BIS hallmarking soon to curb sub-standard imports

250-300 items on list; local players to benefit

BIS hallmarking, imports
Once notified, these products would have to bear certification by the Bureau of Indian Standards and imports of non-certified goods would not be permitted.

The government is planning to come up with quality control orders for 250-300 goods in the coming months as part of a strategy to contain import of sub-standard products that tend to flood the markets and dent domestic manufacturing. Cigarette lighters, pens and household electrical items are some of the products that would be bound by the new norms.

The department for promotion of industry and internal trade (DPIIT) is understood to be working on these quality standards, which are likely to be brought in over the next few months. Once notified, these products would have to bear certification by the Bureau of Indian Standards and imports of non-certified goods would not be permitted.

The move is in line with the government’s efforts to curb non-essential imports at a time when exports are witnessing contraction owing to the global economic slowdown, raising concerns over the trade and current account deficits. The idea is to use non-tariff measures to curb imports in areas where domestically manufactured alternatives are available. At the same time, imports of raw materials and intermediate goods won’t be restricted.        

“There are a lot of imported products that have flooded the markets and are being sold at extremely cheap rates. There are no uniform standards for these products and they need to be regulated to ensure that cheap and low-quality imports do no stifle the domestic industry,” noted an official source.

However, an import duty hike on these items is not being planned as of now.  According to official data, India’s merchandise exports shrank for the third month in a row, and imports for the second straight month in February, reflecting the impact of global demand slump in India’s external trade.  Export of goods contracted by 8.82% to $33.88 billion and imports by 8.21% to $51.31 billion last month, precipitating a trade deficit of $17.43 billion, the lowest since January, 2022, easing the pressure on the current account. But concerns exist over the current account deficit (CAD), especially since the banking sector crisis in the US is seen to trigger capital outflows.  The country’s CAD for the first half of 2022-23 stood at 3.3% of GDP, but it is expected to moderate in the second half.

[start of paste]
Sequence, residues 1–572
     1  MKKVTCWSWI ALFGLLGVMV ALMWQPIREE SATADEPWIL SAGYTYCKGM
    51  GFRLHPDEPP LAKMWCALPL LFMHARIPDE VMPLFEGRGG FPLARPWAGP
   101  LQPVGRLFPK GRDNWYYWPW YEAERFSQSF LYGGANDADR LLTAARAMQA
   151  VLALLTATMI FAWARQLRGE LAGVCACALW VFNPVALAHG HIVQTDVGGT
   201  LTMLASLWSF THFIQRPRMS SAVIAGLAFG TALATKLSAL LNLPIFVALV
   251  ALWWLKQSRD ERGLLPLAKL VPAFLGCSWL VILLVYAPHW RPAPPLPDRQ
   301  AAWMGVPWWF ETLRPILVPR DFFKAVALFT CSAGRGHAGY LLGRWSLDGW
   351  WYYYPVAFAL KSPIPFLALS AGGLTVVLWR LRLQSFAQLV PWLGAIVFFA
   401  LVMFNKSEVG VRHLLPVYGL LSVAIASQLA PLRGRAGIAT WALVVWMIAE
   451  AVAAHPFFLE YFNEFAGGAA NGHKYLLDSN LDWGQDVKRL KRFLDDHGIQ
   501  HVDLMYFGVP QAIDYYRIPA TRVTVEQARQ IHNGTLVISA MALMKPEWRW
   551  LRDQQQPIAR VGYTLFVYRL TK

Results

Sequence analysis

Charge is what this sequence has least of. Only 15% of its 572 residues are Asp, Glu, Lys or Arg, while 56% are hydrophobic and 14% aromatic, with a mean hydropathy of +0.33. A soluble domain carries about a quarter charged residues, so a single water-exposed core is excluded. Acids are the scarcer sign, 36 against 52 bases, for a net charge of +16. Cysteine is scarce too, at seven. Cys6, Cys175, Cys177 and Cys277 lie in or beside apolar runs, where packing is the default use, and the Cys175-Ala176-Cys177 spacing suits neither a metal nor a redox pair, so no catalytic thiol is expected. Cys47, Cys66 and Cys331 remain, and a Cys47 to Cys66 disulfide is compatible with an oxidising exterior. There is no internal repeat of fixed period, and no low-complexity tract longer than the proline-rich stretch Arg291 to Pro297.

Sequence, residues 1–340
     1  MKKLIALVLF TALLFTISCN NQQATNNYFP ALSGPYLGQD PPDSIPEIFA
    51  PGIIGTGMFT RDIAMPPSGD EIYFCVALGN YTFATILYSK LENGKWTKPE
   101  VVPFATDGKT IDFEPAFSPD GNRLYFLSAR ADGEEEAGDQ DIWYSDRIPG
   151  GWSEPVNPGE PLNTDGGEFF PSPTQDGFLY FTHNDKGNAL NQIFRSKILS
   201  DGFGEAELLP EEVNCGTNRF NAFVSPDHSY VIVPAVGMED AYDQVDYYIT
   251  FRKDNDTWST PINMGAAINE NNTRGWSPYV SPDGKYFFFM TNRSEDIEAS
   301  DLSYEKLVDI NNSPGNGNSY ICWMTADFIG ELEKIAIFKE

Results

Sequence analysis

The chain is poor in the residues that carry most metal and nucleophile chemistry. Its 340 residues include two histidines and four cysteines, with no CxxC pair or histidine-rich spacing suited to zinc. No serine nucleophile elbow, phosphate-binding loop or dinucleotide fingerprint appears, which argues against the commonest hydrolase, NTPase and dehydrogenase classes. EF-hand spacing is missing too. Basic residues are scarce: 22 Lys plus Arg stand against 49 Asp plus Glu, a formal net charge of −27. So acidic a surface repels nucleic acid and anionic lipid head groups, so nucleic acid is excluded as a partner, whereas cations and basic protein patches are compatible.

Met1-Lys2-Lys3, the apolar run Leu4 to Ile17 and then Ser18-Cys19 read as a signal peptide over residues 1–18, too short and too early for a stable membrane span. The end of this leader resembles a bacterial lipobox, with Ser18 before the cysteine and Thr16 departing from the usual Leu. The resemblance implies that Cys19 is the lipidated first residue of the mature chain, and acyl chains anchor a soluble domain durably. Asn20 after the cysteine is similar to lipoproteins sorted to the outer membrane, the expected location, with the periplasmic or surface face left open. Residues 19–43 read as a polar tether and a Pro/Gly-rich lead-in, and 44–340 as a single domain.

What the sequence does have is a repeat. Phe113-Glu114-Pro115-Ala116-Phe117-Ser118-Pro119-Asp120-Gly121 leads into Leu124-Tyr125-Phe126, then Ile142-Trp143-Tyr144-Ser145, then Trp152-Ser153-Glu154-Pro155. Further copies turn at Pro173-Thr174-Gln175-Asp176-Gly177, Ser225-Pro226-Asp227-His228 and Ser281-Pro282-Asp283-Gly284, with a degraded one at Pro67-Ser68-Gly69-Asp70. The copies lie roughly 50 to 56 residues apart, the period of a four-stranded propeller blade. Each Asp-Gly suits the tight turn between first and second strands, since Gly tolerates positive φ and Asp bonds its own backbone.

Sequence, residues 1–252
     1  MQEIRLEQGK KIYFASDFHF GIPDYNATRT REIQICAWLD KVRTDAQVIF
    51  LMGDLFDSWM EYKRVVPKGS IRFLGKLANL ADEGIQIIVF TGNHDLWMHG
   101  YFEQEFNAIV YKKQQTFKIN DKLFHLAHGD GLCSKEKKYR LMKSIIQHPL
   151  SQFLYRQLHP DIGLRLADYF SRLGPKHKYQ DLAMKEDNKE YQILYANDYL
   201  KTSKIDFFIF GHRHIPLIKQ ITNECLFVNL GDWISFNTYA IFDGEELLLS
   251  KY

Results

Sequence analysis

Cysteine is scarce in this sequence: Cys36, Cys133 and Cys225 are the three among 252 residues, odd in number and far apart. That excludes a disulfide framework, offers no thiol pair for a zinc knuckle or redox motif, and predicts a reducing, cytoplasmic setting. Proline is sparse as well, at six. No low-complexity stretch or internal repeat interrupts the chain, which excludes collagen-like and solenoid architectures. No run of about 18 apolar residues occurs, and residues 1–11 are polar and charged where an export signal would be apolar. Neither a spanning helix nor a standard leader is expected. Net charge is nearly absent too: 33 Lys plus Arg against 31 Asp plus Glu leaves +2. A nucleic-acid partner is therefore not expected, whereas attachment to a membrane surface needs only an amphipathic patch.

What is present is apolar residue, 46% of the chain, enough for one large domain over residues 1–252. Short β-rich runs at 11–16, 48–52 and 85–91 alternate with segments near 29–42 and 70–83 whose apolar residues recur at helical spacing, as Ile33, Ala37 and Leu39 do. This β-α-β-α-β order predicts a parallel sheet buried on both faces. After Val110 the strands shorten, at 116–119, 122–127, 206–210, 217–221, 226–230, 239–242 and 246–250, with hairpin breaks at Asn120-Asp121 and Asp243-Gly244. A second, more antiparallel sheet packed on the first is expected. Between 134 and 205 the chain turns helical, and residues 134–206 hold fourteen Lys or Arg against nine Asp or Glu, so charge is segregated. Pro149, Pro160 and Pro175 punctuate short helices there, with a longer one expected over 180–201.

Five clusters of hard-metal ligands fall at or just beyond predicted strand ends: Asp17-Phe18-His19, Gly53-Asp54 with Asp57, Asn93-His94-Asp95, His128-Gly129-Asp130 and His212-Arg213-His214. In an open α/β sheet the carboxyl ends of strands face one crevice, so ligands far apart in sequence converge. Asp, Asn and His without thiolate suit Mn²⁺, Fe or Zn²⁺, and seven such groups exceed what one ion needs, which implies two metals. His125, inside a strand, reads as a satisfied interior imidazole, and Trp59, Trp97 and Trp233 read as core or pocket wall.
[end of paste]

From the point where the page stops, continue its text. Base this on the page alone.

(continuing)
Officials pointed out that the quality control order for toys proved to be very successful in lowering imports and promoting home made goods.To control import of cheap and sub-standard toys, the government has issued Toys (Quality Control) Order, 2020 on February 25, 2020 through which toys were brought under compulsory BIS certification from January 1, 2021. The norms are equally applicable to domestic manufacturers as well as foreign manufacturers who intend to export their toys to India. The government has also gradually hiked the import duty on toys and components with a hefty 70% import duty proposed in the Union Budget 2023-24.Following various measures taken to this effect, import of toys declined to `870 crore in 2021-22 from Rs 2,960 crore in 2018-19. Exports of toys by India increased to Rs 1,017 crore during the April-December period this fiscal and was Rs 2,601 crore in 2021-22.

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First published on: 20-03-2023 at 06:00 IST
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